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SmartAsset ranks “Best Cities for Women in Tech”

Financial advisory firm SmartAsset is out with its latest ranking, and this one is titled “Best Cities for Women in Tech.” Only one city from the Volunteer State made the list and, not surprising, it was Nashville.

According to the report, SmartAsset looked at data for cities with at least 200,000 residents. The firm removed cities from our data set that did not have statistically reliable data (i.e., the margin of error for average earnings for women who work in tech or the number of women working in tech was greater than 20 percent). Those two constraints left SmartAsset with 59 cities, which it compared across the following four metrics:

  • Gender pay gap in the tech industry. This is the average earnings for women who work in tech as a percentage of average earnings for men who work in tech. Data comes from the Census Bureau’s 2020 five-year American Community Survey. The national average for gender pay gap was 83.56 percent.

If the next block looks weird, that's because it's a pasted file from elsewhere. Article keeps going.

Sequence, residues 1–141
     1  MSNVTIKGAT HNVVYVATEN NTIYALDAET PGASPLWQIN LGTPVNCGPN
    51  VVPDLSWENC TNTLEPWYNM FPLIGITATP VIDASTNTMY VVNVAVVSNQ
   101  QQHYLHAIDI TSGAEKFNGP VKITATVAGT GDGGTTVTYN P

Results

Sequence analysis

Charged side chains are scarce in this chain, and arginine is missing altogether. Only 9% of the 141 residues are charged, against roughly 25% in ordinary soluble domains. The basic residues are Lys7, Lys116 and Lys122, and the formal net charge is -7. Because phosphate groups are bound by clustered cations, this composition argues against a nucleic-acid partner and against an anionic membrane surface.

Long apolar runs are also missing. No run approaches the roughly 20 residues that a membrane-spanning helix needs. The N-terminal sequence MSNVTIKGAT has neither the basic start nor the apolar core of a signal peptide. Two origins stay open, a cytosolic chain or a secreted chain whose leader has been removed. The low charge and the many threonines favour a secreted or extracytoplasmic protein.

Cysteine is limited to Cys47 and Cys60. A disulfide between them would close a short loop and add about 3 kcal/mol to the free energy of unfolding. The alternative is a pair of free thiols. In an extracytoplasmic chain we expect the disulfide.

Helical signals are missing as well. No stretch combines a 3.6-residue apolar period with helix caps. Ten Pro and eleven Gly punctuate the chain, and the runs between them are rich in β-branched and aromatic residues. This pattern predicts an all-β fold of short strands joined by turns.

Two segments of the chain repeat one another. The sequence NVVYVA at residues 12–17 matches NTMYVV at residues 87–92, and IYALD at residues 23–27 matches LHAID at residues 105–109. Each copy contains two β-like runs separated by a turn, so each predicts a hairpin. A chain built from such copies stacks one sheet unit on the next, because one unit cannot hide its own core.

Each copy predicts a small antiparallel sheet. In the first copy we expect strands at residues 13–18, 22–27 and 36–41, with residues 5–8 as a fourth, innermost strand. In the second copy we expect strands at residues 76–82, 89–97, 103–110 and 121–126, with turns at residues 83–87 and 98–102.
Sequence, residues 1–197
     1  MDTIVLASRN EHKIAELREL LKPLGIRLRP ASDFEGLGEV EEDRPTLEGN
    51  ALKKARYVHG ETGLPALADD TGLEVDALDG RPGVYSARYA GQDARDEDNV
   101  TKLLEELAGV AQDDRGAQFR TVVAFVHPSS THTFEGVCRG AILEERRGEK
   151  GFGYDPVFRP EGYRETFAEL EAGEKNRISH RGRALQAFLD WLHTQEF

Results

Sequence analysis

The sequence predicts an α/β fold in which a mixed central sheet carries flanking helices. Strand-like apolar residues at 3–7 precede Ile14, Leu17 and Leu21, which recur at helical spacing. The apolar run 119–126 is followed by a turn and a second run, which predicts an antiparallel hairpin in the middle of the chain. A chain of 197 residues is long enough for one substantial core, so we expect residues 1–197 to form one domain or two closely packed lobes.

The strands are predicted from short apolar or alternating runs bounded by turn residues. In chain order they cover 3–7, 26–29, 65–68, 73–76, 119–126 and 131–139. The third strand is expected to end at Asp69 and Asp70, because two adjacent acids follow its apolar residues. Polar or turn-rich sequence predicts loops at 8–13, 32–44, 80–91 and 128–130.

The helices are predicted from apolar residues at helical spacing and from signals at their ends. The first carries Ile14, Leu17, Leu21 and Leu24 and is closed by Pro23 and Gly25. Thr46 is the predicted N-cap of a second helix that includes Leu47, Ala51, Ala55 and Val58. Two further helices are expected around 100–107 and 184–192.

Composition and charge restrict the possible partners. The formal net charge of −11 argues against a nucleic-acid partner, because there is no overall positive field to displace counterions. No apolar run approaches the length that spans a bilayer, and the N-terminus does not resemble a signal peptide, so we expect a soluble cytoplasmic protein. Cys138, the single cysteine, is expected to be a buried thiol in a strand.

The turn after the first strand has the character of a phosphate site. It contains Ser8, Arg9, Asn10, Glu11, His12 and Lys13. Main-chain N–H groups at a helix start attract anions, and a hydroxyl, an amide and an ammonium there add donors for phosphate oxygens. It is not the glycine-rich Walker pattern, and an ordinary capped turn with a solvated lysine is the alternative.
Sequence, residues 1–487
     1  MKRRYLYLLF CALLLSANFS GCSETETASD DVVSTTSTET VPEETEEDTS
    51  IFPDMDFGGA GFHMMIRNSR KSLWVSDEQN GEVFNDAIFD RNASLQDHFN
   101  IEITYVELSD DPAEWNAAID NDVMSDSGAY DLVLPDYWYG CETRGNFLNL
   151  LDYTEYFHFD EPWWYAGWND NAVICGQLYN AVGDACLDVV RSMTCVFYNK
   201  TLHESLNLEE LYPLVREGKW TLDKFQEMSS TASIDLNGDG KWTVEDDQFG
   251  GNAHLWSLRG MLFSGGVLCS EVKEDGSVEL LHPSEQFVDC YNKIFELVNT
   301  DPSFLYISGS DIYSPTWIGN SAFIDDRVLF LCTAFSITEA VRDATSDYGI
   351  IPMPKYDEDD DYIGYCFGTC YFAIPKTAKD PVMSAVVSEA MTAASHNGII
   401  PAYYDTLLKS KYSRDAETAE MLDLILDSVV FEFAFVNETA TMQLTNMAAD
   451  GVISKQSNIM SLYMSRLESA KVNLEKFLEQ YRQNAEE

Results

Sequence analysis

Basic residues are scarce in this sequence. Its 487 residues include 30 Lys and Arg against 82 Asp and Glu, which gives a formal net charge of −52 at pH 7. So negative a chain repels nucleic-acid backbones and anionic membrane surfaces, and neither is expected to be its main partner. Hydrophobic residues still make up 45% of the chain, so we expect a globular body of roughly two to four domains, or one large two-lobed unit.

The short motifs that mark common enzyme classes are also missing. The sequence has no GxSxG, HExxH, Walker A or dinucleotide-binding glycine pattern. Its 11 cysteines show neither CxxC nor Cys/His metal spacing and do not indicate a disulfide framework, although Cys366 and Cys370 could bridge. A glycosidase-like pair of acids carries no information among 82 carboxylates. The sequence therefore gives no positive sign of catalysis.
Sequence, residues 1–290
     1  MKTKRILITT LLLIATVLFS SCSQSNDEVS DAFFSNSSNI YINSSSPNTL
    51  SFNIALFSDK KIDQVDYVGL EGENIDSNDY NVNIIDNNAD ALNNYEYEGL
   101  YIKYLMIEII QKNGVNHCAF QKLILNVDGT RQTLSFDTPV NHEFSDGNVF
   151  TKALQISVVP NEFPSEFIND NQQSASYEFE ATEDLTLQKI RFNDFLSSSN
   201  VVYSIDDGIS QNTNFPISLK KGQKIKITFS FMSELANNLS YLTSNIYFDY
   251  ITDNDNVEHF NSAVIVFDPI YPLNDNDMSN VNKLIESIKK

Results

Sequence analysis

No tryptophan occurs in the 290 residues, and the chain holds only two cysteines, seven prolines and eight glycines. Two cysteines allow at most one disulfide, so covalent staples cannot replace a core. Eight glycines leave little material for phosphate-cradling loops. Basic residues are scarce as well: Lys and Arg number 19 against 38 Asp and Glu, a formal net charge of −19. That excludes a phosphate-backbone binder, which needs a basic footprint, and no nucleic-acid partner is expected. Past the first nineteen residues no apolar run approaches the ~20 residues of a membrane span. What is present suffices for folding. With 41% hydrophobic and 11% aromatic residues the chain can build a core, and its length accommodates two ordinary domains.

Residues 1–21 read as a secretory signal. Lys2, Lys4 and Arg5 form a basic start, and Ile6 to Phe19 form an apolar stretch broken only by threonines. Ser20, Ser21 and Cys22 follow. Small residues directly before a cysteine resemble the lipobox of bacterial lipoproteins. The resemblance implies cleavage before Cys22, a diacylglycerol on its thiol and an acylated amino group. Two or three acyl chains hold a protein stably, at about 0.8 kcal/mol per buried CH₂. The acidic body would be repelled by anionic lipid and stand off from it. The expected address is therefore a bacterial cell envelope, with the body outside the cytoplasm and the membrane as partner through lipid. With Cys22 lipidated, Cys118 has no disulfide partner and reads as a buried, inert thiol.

• Earnings after housing. These are the median earnings for women who work in tech after subtracting the median housing costs. Data on both earnings and housing costs comes from the same Census Bureau’ survey. The national average was $58,845.
  • Women as a percentage of the tech workforce. This is the percentage of all tech jobs held by women. Data comes from the Census Bureau’s 2020 five-year American Community Survey. National average is 26.14 percent.
  • Three-year tech employment growth. This is the percentage change in tech jobs from 2017 through 2020. Data comes from a comparison of the Census Bureau’s 2017 and 2020 community surveys. National average growth is 16.96 percent.

So, who is doing the best? Arlington, VA and Washington, DC top the list at #1 and #2 respectively. Durham, NC comes in at #7 followed by Virginia Beach (#8), Cincinnati (#9), and Nashville (#11). Music City more than doubled the average national tech growth rate and recorded a gender pay differential of just over six percent. It was slightly below the percentage of the workforce and thousands of dollars below available income after housing.

 

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